Pennacchio questions why Senate Select Committee has yet to be announced
After published reports of a “scathing letter from health department insiders” suggested the state’s many pandemic failures resulted in preventable deaths, Senator Joe Pennacchio questioned the delay in establishing a Senate special committee to investigate the Administration’s handling of the COVID-19 crisis.
New Jersey residents deserve answers to glaring questions about the Department of Health’s approach to protecting the public from the coronavirus, said Senator Pennacchio after another published report cited dysfunction within the department. (SenateNJ.com)
“We have more questions than answers, and this report is proof positive that we need to act now before more lives are lost,” said Pennacchio (R-26). “I, and many others, have voiced concerns with the functionality of the health department. It’s becoming obvious problems within the department have contributed to, or directly led to, thousands of deaths.”
Pennacchio called for an immediate retrospective review of the state’s coronavirus procedures on May 7. At the time, the state had lost 8,000 people to the virus, and half of the deaths were from nursing homes.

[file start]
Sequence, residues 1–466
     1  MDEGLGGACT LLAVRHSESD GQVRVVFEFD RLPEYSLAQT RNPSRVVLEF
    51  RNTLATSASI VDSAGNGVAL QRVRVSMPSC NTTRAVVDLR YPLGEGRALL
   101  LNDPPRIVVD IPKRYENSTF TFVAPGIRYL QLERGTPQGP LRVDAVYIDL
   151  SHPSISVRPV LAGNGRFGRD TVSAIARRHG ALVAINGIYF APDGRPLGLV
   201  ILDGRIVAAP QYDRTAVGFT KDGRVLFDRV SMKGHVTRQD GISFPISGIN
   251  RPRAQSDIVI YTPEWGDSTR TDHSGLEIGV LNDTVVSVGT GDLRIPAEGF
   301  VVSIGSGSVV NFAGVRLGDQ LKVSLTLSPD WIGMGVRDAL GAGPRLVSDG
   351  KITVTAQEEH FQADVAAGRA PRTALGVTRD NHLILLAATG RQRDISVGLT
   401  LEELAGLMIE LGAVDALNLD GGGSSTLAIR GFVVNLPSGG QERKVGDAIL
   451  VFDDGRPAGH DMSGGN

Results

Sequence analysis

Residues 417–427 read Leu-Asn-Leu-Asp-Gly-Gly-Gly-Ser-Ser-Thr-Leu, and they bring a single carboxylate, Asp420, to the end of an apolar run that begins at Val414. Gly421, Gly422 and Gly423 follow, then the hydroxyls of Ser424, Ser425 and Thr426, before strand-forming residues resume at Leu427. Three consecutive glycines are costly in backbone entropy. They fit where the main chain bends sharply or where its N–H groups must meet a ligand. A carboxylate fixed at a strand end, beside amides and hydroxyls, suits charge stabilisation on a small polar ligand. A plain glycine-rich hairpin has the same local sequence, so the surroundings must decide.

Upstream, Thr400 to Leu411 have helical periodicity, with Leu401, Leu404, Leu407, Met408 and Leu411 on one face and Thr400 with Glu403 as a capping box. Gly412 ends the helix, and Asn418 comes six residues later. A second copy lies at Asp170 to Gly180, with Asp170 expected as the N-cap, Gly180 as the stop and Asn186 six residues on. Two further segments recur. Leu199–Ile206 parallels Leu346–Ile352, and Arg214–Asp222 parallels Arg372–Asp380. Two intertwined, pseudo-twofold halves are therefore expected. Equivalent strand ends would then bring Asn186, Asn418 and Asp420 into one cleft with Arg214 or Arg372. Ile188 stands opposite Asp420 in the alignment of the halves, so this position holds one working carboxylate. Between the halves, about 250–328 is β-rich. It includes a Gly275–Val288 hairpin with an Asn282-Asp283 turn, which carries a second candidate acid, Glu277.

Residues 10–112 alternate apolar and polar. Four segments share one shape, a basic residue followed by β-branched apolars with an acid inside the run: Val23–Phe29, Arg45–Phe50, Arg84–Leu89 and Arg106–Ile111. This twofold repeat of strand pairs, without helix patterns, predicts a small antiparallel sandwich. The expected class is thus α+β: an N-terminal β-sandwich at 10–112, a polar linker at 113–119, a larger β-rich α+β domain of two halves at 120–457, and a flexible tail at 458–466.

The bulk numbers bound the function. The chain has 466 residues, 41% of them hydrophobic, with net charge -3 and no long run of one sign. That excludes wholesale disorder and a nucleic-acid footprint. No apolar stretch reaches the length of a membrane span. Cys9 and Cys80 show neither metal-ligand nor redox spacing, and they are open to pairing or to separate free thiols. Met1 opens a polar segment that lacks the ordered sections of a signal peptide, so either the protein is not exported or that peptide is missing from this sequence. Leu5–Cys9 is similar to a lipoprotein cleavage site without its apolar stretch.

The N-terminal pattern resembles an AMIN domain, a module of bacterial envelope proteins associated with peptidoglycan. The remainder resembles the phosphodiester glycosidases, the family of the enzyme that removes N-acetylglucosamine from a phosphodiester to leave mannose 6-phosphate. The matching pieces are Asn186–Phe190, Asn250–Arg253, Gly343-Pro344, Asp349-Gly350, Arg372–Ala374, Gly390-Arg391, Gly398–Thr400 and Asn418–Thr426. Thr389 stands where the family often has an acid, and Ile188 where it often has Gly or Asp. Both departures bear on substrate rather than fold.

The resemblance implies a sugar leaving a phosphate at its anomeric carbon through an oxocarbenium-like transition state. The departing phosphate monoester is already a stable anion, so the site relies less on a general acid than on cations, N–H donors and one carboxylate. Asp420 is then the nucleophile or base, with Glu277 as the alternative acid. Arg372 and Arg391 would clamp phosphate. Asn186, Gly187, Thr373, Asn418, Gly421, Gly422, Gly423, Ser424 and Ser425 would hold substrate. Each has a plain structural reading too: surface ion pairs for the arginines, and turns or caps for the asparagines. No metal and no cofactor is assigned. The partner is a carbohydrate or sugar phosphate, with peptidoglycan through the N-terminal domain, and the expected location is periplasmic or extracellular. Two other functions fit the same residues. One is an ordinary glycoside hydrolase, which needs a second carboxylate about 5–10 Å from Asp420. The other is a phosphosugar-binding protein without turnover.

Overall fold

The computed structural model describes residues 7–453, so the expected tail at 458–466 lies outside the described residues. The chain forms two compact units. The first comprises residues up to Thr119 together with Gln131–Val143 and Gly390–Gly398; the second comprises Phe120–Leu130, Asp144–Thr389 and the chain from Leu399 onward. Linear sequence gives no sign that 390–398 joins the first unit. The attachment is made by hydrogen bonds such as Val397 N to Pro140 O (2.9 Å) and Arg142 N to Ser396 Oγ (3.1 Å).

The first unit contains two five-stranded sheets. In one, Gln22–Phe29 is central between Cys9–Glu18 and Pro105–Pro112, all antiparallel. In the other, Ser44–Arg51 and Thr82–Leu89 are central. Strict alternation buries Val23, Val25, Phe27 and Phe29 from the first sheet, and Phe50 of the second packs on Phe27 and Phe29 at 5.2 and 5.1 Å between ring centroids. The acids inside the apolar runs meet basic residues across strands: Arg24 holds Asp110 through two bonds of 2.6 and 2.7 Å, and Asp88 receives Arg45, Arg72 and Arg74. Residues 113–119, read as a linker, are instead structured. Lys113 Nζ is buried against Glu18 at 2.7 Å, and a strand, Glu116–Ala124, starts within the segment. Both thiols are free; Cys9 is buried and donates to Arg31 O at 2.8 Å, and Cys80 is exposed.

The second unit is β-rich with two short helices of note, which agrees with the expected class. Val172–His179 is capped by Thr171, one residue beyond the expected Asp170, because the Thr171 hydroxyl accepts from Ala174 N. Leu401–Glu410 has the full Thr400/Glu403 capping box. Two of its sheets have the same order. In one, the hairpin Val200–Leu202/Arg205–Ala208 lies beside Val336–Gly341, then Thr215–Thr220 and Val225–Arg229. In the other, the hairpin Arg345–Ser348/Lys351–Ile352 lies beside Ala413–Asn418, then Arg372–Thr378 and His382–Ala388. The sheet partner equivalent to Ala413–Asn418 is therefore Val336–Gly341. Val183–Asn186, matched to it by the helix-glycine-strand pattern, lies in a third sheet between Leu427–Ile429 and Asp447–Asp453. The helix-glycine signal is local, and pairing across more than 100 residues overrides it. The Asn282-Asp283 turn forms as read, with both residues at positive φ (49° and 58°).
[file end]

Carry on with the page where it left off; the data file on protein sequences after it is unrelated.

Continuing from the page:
“I, and many others, have been sounding the alarm that poor judgement and flawed determinations within the state hierarchy could be costing lives,” Pennacchio said. “The death toll continues to rise, and the public is losing confidence in the department. To learn what, if anything, we were doing wrong, we needed a real-time investigation to review the processes and decision-making. The need for that probe is even greater today in light of the NJ.com report.”
On May 22, Senate President Steve Sweeney and Senate Republican Leader Tom Kean announced plans to establish a special committee to investigate a range of issues related to the coronavirus crisis.
“We need to learn what data the Governor is using to determine when to re-open the state, and to understand if his matrix is being adjusted to reflect real time changes in data,” Pennacchio said. “This is too important for Murphy to rely on gut feelings and instincts.”